South Korea's President Park Geun-hye has asked the country's Parliament to help her find a way to stand down after widespread protests calling for her resignation.
Ms Park faced growing calls to resign during an investigation into whether she allowed a long-time friend to influence political decisions for personal gain.
She said she would "leave to Parliament everything about my future including shortening of my term", but did not want to leave a power vacuum.
Parliament was due to discuss on Friday whether she should face impeachment.
Opposition parties have said the president should stand down "honourably" before it reached that point.
Ms Park has apologised twice before, and has said she is "heartbroken" by the political crisis around her, but has refused to stand down.
In Tuesday's televised address, her third since reports of the scandal began, Ms Park said she would step down "once lawmakers come up with measures to transfer power in a way that minimises any power vacuum and chaos in governance".
A spokesman for the opposition Democratic Party, Youn Kwan-suk, said the speech was a "trick" that "lacked reflection".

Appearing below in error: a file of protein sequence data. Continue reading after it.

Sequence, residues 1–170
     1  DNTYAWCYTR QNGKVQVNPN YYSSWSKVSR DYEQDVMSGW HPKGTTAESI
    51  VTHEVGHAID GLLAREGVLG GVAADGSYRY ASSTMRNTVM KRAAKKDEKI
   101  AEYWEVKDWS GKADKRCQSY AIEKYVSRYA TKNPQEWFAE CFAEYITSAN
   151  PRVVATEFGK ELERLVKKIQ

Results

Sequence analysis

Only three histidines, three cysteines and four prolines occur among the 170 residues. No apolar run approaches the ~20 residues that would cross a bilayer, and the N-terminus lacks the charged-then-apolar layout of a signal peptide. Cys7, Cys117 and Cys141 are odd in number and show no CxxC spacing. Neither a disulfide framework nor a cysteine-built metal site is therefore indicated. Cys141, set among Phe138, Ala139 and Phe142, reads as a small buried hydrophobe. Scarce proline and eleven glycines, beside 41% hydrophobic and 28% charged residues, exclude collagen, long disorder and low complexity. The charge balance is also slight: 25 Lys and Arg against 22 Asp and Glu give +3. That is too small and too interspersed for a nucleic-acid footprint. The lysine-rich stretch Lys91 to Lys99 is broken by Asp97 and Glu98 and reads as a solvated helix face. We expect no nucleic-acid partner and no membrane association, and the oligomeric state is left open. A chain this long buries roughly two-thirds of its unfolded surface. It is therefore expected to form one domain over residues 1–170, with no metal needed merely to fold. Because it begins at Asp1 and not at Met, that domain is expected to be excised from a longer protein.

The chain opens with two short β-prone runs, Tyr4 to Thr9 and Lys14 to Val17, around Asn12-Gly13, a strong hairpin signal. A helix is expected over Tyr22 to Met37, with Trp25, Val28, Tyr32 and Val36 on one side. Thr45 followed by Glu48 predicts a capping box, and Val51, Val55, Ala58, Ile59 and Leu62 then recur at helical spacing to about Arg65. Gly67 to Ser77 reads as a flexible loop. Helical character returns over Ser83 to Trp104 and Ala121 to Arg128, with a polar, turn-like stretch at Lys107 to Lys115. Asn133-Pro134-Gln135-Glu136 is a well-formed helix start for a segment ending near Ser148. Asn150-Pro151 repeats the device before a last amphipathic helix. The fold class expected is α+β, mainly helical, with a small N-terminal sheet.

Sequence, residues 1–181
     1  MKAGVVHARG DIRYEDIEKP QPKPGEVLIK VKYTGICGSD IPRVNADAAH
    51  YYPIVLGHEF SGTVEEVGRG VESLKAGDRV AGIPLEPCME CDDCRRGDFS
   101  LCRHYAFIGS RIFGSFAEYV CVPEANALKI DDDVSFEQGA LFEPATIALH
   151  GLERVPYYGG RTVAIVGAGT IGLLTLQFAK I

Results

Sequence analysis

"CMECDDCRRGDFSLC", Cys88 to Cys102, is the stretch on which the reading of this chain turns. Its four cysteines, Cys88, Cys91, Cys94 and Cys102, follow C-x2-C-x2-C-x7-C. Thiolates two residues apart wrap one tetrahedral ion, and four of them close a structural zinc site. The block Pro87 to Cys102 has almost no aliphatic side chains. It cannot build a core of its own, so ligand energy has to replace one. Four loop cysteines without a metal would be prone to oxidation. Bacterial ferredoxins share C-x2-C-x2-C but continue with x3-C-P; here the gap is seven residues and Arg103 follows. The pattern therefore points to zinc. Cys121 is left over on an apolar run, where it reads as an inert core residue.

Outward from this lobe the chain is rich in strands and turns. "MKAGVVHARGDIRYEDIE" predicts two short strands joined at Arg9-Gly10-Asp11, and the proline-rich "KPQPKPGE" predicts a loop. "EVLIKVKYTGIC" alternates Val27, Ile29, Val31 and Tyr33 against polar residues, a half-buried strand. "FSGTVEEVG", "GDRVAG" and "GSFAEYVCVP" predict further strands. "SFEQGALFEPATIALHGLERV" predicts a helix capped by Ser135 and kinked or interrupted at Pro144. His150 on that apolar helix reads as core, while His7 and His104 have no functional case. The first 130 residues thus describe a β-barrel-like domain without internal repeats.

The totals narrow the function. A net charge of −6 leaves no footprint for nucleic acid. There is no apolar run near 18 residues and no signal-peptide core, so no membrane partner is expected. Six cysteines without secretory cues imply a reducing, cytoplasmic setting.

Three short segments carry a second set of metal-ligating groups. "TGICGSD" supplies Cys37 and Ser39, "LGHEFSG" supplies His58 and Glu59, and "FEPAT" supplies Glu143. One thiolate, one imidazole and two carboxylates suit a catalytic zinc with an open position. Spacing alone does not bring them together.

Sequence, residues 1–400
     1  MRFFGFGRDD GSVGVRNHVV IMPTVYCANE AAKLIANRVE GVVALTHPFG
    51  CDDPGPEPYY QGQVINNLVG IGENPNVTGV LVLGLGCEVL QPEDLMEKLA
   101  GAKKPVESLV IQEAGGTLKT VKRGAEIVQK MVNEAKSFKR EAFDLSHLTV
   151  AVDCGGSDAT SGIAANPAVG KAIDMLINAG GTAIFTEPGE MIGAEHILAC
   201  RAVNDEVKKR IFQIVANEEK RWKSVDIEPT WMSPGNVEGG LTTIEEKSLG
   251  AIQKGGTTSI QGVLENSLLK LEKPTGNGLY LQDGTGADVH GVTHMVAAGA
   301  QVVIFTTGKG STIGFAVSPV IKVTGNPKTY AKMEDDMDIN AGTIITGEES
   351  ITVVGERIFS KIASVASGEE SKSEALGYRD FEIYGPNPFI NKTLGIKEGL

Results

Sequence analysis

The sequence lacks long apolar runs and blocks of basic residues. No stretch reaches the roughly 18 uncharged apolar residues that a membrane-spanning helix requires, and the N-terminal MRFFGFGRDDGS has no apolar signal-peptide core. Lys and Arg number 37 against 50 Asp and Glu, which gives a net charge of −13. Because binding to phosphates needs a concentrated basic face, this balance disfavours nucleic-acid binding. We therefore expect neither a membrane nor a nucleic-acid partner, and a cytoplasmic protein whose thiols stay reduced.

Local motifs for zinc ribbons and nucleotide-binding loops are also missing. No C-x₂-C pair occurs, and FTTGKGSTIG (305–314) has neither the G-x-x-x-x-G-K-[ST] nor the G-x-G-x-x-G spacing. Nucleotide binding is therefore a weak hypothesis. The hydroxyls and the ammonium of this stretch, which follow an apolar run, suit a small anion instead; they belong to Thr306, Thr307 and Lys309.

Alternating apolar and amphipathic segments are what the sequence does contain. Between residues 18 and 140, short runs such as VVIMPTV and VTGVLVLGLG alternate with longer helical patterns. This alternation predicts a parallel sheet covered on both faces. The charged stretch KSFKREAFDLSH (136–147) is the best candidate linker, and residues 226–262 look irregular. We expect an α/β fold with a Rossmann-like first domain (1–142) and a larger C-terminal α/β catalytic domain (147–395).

"What people want is her immediate resignation, not dragging out and dodging the responsibility to the parliament," he told the Yonhap news agency.
The scandal stems from the president's relationship with her close friend, Choi Soon-sil.
Ms Choi is accused of trying to extort huge sums of money from South Korean companies. She is also suspected of using her friendship with Ms Park to solicit business donations for a non-profit fund she controlled.
She is in police detention, facing a string of charges.
The allegations have reached across South Korean politics and industry. Two of Ms Park's aides have also been charged along with a pop music producer.
The offices of the national pension fund have been raided, as have several major Korean companies including Lotte and Samsung.
Investigators said they believed Ms Park had a "considerable" role in the alleged corruption, but her representatives have said the accusations are a "fantasy".
In recent weeks, hundreds of thousands of Koreans have joined huge street protests across the country demanding that she leave office.
The BBC's Steve Evans in Seoul says her announcement is not quite a resignation, but an offer to resign later.
But it does imply, he adds, that her days in office are now severely limited.